The Problem with Video Online

Retro TelevisionWow! It’s been a while since I’ve penned a blog post; but this isn’t down to laziness or lethargy! I’ve been really busy here at Channel 4 working on our video propisition. A week ago we launched ourĀ  online 30 day catch-up service, but that isn’t where it ends. Ever since Project Kangaroo, the video on demand collaboration between the BBC, ITV and Channel 4, was canned by the Competition Commission we have been working on our own solution for getting of our archive content online; and I’ve been doing all the IA/UX work on it!

It’s been a really interesting and exciting project to work on, making a user-friendly video proposal that will fit into the current Channel 4 site without too much impact, while making sure video is simple to find and watch. I think that the solution we’re implementing meets those goals. One challenge was making sure that Video home page did not get too catch-up centric and promoted archive material adequately. While the main user goal is catch-up, our current 4oD service shows us that archive material is becoming more and more popular.

But there’s a problem when you come to design a particular aspect of the online video user experience: advertising.

And when I say advertising I am specifically referring to pre-roll (the ones that play before the video) and centre break adverts. The particular aspect that I mention is the pop-up player experience. Channel 4, unlike the BBC, relies on advertising for revenue, which means that like on TV, our online video needs to have advertising. This advertising comes in the form of ads before the video the user selected plays (pre-rolls) and in the middle of the video (the centre break). There is a specific business rule with adverts online, and that is that users cannot fast forward through them. This is fine in principle, and other than the usual annoyance that users get from online advertising, it has little impact on architecting the user experience around video… until you think about how pop-up players work.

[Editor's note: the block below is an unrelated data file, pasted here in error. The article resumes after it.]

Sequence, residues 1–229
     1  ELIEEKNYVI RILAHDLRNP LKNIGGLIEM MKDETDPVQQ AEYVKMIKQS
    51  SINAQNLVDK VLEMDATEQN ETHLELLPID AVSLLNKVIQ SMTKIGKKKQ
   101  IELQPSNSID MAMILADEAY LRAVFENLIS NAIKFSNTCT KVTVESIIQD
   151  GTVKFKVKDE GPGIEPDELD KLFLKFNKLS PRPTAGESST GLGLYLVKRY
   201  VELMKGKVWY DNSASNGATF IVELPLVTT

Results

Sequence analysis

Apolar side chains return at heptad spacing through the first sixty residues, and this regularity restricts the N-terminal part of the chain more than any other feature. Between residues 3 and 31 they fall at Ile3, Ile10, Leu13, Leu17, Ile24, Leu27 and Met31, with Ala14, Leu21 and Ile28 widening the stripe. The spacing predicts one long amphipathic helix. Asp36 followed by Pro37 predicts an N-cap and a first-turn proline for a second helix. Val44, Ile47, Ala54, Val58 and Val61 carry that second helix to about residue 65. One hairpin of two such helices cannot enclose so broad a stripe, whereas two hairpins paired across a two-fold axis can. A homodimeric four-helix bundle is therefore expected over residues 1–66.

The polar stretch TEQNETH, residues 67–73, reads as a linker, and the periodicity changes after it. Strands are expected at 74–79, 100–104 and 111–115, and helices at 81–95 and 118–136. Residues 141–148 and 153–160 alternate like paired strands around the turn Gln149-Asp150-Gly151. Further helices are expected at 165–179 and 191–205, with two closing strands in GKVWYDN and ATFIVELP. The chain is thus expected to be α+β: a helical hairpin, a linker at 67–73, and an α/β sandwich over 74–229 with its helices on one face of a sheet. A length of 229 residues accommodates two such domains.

Video Player showing Pop-Out viewing option

Video Player showing Pop-Out viewing option

When there is no advertising in a video, users should be able to open the video that they are watching in a pop-up player at any time; with the video beginning from the point that they clicked the pop-up button. With video containing advertising this is problematic. Allowing users to pop-out at any point during video playback means that they need to watch the pre-roll advertising again and perhaps the centre break also (if they opted to view pop-out three quarters of the way through the episode). This is not a good user experience, not a good user experience at all!

The solution that we are implementing means that when a user chooses the episode that they wish to watch, they are given the option to play in the page or to watch it in a pop-out. Once the video starts playing the option to view in a pop-out player is no longer available. Now, I know that this is now at all ideal. However, given the constraints that we are working in, this was deemed the best solution. What makes it palatable is the fact that user research has shown is that most people make the decision to view a video in a pop-out at the very beginning of their video viewing experience, and rarely at a point during playback. Meaning that our solution meets the needs of the majority of users.

The BBC is in a really envious position in that they have no advertising, so can allow the user to switch to a pop-up player at any point and fast forward to the appropriate place in the video, commercial broadcasters and online video sites don’t have this luxury! This is the solution we’ve come up with. I’d love to hear your comments and any suggestions for a better approach!

About the Author

An experienced, commercial and creative user experience professional with a proven record in UX leadership, strategy, people management, branding and innovation. Responsible for the design and delivery of several high profile, big brand web sites and enterprise software applications. All opinions here are my own.

6 Responses

  1. Jesper Apr 07, 2009 -